Confucianism and Trade Imbalances

The enlightened dictatorship of money

China’s four inventions

with one comment

China invented four things that changed the world: paper, gunpowder, printing, and the compass.   The next sentence you usually hear your tour guide say is that they were then forced to modernize when the Japanese used gunpowder, China’s own invention, against them during the colonial period, because they were better at applying the technology.  But what about the other technologies?

Look at paper.  You are expected to carry your own napkins in when you go to a restaurant.  Many Beijing restaurants will now provide napkins for every table, but traditionally this would not be the case.  But some restaurants are going even further and forcing people to pay a small fee for napkins.

Public toilets are the same way.  You really need to carry around a little man-purse, as I see some people do, if you want to be perfectly safe.

Then there is the issue of maps.  You really need to carry your own if you don’t know where you’re going.  Taxi drivers won’t have them.  That may be an economic issue, but it’s also the same in subway stations.  For some transfer stations (I’m thinking of Xizhimen; there may be others) you will need to go from the entrance all the way to the other end of the platform to figure out in what direction you need to be headed.    Then, to make the issue more confusing, they will sometimes alter the compass heading, so that north isn’t always up (or even horizontal or vertical.)  Maybe this has something to do with compasses as well?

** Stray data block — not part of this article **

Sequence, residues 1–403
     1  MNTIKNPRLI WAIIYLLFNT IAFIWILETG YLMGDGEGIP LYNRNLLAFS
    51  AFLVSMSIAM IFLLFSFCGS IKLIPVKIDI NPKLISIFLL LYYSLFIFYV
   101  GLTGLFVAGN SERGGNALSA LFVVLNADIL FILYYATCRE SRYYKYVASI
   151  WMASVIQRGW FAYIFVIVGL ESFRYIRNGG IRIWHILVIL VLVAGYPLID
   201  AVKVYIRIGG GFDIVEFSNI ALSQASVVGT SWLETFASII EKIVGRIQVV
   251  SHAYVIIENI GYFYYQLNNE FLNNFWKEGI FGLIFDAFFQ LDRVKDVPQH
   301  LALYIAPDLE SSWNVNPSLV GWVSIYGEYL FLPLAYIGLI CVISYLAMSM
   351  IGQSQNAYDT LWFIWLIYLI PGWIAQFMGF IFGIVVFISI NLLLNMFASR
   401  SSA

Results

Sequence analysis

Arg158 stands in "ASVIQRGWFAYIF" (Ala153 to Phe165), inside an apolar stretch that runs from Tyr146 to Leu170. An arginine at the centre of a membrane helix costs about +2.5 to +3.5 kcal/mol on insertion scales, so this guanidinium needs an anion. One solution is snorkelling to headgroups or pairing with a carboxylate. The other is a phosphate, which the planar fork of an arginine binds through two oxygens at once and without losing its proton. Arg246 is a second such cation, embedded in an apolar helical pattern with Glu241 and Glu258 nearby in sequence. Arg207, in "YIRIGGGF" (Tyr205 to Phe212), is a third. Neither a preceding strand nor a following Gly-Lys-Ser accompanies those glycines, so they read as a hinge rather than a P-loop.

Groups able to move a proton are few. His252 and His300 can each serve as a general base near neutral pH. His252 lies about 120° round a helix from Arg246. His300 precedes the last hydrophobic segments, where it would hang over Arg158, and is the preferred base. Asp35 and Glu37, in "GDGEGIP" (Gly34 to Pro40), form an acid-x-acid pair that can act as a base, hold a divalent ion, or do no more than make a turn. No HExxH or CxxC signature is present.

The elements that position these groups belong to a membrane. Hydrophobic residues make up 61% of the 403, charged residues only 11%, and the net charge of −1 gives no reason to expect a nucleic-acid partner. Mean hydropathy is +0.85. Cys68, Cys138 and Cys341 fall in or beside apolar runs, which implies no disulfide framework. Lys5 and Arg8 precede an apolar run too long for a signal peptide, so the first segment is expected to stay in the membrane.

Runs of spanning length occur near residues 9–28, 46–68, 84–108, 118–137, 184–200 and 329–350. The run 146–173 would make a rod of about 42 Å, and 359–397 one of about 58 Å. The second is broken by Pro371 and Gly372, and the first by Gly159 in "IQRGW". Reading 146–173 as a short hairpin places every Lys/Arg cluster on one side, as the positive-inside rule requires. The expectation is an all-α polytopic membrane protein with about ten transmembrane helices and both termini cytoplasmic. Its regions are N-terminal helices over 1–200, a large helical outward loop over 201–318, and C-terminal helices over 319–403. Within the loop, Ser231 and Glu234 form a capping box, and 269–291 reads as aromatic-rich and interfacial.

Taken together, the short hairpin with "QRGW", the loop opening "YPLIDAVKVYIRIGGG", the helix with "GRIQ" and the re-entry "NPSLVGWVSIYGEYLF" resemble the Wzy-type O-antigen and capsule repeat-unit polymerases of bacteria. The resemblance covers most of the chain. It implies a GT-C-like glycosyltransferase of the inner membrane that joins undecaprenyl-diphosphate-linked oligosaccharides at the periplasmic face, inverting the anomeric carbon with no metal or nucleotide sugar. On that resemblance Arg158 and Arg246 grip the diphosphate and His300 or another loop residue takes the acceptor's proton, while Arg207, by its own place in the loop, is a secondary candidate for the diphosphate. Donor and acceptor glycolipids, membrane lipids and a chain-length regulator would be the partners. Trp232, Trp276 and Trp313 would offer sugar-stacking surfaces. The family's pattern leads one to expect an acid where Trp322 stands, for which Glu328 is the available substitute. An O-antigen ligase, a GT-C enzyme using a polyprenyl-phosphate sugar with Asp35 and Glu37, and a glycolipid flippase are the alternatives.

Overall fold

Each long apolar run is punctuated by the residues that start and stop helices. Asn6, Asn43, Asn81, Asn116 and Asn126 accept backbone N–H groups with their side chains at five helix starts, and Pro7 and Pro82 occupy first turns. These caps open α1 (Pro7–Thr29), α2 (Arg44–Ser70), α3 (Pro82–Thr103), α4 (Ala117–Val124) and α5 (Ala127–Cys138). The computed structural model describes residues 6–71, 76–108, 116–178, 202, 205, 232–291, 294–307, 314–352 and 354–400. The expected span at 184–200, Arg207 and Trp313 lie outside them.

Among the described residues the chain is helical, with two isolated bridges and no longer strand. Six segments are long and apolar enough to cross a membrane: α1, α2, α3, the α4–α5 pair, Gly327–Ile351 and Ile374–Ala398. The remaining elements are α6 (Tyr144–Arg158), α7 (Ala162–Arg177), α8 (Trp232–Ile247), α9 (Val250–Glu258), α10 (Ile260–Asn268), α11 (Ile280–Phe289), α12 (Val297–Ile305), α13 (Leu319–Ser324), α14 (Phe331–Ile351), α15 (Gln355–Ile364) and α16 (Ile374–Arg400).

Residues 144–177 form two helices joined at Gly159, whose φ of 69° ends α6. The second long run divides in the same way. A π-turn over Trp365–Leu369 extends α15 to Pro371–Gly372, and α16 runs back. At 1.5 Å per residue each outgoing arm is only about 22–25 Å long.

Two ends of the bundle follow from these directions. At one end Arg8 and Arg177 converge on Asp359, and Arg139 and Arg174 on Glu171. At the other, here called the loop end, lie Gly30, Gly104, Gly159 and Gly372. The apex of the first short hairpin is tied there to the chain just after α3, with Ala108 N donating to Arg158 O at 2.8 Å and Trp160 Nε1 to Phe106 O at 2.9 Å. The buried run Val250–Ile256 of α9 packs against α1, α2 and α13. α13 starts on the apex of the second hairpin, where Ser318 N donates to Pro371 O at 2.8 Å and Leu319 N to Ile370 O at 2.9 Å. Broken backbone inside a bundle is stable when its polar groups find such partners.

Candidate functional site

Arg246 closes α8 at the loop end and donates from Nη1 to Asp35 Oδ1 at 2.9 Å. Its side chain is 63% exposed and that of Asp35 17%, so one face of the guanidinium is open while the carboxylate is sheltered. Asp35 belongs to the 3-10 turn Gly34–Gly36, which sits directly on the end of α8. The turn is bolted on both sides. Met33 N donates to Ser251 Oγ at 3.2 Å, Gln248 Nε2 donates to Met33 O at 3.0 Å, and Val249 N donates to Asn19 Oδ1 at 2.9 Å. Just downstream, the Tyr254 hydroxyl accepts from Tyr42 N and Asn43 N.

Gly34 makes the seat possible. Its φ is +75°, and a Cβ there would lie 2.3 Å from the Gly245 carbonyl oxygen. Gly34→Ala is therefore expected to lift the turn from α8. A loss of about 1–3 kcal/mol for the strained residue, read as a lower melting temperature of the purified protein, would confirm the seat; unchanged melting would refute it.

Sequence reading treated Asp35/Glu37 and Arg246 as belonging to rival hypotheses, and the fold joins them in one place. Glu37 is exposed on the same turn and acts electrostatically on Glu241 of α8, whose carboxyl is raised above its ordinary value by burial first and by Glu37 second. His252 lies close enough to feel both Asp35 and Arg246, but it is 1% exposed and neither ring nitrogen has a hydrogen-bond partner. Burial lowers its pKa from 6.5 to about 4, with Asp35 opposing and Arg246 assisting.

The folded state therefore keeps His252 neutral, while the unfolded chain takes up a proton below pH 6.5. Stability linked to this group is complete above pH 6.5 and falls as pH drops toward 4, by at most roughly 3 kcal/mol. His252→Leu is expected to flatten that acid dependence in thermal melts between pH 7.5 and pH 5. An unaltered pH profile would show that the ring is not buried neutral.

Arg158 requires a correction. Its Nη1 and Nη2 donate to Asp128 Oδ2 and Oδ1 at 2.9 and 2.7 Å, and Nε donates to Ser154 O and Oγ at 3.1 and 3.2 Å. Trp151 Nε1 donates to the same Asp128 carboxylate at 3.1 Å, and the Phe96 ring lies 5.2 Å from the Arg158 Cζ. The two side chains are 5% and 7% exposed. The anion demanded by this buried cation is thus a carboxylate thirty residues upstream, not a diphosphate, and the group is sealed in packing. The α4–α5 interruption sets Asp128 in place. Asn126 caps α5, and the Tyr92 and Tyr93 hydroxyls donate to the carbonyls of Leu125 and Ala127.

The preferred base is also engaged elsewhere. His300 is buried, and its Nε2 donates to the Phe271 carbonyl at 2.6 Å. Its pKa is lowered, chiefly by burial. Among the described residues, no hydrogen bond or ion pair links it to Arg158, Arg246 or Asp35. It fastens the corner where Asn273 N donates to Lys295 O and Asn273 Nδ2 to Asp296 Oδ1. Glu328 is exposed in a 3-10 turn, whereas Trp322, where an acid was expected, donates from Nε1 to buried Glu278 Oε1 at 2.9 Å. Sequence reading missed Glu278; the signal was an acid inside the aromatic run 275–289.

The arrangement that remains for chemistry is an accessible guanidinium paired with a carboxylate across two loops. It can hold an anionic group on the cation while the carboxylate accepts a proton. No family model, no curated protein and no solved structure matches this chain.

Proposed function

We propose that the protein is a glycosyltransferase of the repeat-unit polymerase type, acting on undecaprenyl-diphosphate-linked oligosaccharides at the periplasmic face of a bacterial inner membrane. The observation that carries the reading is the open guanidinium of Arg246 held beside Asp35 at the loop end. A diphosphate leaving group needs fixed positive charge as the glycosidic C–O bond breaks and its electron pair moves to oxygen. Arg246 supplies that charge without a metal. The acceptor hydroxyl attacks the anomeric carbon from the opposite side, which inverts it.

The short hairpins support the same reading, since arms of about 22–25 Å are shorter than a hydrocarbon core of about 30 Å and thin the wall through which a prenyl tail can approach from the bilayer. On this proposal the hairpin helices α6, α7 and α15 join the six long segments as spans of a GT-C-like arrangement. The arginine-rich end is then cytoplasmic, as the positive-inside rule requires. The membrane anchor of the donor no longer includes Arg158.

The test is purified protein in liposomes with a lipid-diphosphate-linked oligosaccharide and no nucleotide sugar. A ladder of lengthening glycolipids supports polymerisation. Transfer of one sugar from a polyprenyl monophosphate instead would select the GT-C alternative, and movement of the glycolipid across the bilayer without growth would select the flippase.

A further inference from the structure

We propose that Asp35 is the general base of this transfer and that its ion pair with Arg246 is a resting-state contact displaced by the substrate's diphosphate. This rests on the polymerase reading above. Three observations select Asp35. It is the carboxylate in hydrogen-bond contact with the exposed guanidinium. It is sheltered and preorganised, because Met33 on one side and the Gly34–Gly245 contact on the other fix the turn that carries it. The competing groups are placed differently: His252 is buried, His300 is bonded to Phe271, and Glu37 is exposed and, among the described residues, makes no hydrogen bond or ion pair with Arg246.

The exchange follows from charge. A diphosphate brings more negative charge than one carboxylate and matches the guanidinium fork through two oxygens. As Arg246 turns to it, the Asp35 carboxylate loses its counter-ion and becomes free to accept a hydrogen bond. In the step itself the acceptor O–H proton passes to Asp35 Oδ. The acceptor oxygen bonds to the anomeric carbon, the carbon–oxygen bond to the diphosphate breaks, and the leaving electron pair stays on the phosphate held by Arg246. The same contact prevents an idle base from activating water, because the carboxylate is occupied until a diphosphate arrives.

In every example I can think of for paper, China is inferior to the US.  The only exception I can think of, ironically, is also easily explained by tradition.  PDF file formats have never taken off here, in my experience, but I don’t think it’s because people prefer paper documents, as much as that they just don’t read long documents in any form.

Is this a real pattern?  If so, what can be concluded?  That China’s cultural identity comes from deprivation, or something?


Written by Maofucious

July 15, 2012 at 12:08 AM

Posted in Confucianism

One Response

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  1. The issue of changing or confusing map orientations is not limited to BJ. I was recently in Buenos Aries, where I found maps with several different orientations [not specified], which made it very difficult to figure out which direction was up, so to speak.

    S. Barnartt

    August 12, 2012 at 1:10 AM

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